What Is Split Leather? Origin, Processing, and Applications

Leather is a timeless material appreciated for its durability, versatility, and luxurious appeal. It has many different types, each with special qualities and uses.

One such type is split leather, often overlooked but significant in leather goods.

Split leather, a popular material used in the fashion and furniture industries, is known for its durability and affordability.

In this blog, we will delve into the characteristics, production process, uses, advantages, and disadvantages of split leather, helping you gain a better understanding of this versatile material.

What Is Split Leather Infographic

What Is Split Leather?

Split leather is derived from the corium layer of animal hides, typically cowhide.

Hides are made up of two layers: the top grain and the corium.

The top grain, located on the outer side of the hide, is the smoother and more durable part used for making high-quality leather products. 

The corium layer, beneath the top grain, is tougher and less flexible, making it suitable for split leather production.

Split leather possesses distinct characteristics that set it apart from other types of leather.

Source: Buckle YT Channel

How Is Split Leather Made?

Split leather is made through splitting, which occurs during the initial stages of leather production. Here’s a step-by-step overview of how split leather is made:

1. Preparation of Raw Hides

The process begins with the preparation of raw animal hides, typically sourced from cattle.

The hide is usually soaked in water to remove dirt and salts and to make it more flexible for the splitting process.

2. Splitting

Once the hides are prepared, they are fed into a splitting machine.

This machine utilizes a sharp blade to slice the hide horizontally into two or more layers.

The top layer, known as the grain layer, retains the natural grain and characteristics of the hide and is used to produce top-grain or full-grain leather.

The lower layers, which are separated during splitting, constitute split leather.

3. Selection and Processing of Split Layer

The split layer, the corium or flesh side, is further processed based on its intended use. There are typically two types of split leather produced:

  • Suede: If the split layer being processed is the innermost layer of the hide, known as the suede split, it is buffed to create a soft, velvety surface characteristic of suede leather.
  • Corrected-Grain Leather: If the split layer being processed is the outer layer of the hide, it may undergo additional processing to remove imperfections and enhance its appearance.

4. Tanning

After the split layer has been processed, it undergoes the tanning process to stabilize the collagen fibers and prevent decay.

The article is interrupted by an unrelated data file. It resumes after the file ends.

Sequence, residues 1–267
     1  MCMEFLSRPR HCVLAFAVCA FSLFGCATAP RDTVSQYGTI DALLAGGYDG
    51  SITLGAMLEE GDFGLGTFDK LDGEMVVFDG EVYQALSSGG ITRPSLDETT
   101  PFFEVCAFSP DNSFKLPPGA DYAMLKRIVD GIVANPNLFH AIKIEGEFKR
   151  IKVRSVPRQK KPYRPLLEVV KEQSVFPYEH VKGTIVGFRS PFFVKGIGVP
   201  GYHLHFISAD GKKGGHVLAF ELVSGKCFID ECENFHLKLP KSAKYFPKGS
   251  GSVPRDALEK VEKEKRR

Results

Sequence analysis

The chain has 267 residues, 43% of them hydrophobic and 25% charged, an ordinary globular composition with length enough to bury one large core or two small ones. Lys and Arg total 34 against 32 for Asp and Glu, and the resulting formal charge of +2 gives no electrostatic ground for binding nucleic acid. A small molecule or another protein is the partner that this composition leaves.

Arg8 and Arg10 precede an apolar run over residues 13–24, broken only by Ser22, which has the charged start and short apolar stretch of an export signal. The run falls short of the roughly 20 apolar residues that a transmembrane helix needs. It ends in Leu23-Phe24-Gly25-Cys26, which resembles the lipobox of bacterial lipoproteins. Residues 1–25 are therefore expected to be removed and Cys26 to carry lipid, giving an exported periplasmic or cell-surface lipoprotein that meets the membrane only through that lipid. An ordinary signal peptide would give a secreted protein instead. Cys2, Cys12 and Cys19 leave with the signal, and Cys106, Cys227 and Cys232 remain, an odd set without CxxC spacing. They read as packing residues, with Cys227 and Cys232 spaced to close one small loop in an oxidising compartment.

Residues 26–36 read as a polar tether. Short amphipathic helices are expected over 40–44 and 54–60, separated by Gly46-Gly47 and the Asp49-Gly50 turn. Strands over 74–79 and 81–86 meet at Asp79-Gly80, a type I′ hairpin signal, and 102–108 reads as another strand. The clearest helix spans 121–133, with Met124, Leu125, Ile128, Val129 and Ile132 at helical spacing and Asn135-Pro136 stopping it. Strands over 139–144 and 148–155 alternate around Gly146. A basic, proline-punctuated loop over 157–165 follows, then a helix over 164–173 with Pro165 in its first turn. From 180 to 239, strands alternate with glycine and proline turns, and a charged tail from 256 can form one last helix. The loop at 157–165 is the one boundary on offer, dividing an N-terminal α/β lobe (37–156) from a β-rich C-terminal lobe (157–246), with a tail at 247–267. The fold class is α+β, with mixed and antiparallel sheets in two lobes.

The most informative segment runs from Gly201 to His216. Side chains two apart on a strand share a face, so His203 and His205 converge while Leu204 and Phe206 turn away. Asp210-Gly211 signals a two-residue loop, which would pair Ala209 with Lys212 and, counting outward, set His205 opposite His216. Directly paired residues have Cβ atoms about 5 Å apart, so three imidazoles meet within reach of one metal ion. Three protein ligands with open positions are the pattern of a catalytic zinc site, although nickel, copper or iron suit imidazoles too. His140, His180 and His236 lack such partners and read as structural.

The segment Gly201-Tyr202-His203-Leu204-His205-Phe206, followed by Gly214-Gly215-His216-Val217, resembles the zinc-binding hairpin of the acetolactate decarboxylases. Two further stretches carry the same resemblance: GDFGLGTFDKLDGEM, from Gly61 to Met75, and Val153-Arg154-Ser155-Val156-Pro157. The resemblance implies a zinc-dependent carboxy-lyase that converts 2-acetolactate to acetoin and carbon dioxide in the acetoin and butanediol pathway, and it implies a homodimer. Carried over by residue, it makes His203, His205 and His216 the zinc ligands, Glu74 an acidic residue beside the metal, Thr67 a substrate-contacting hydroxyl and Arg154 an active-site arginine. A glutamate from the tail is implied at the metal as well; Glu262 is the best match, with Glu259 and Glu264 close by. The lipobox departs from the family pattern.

Tanning can be done using various methods, including vegetable, chrome tanning, or synthetic tanning agents.

The choice of tanning method depends on factors such as desired properties, cost, and environmental considerations.

5. Finishing

Once the leather has been tanned, it may undergo additional finishing processes to enhance its appearance, texture, and performance.

Finishing techniques may include dyeing, waxing, buffing, embossing, or applying protective coatings.

These processes contribute to the aesthetic appeal and durability of the finished split leather product.

Characteristics Of Split Leather

Split leather is a type of leather that is derived from the lower layers of the animal hide after the top grain has been separated. It has unique characteristics that make it suitable for various applications:

  1. Texture and Appearance: Split leather has a suede-like texture on the flesh side and a more rough and fibrous texture on the grain side.
  2. Durability: While split leather is not as durable as full-grain leather, it is still reasonably strong and can withstand regular use. It may be more prone to stretching and tearing than other types of leather.
  3. Affordability: Split leather is generally more affordable than full-grain leather, making it a popular choice for products where cost is a significant factor. It offers a balance between quality and price.
  4. Breathability: Split leather is more breathable than synthetic materials, which can help regulate temperature and moisture when used in clothing or footwear.
  5. Absorbency: Split leather has good absorbent properties, which means it can absorb dyes and finishes well. This makes it a versatile material for coloring and finishing processes.
  6. Flexibility: Split leather tends to be more flexible than full-grain leather, which makes it more comfortable to wear in clothing and footwear applications.